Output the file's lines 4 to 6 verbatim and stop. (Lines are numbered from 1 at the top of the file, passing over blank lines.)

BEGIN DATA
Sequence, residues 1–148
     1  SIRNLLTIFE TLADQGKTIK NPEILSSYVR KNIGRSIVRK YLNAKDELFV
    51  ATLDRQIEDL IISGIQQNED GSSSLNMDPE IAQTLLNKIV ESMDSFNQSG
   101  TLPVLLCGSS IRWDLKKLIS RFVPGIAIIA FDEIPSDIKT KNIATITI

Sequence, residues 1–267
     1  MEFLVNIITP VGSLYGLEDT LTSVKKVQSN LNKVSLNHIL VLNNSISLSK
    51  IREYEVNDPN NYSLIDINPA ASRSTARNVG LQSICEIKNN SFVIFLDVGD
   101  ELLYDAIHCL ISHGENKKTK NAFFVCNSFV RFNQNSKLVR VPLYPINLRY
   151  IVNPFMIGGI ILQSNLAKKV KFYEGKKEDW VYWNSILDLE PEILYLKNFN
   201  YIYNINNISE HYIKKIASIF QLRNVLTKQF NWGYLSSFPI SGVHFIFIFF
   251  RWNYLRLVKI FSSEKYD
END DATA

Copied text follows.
   101  TLPVLLCGSS IRWDLKKLIS RFVPGIAIIA FDEIPSDIKT KNIATITI

Sequence, residues 1–267
     1  MEFLVNIITP VGSLYGLEDT LTSVKKVQSN LNKVSLNHIL VLNNSISLSK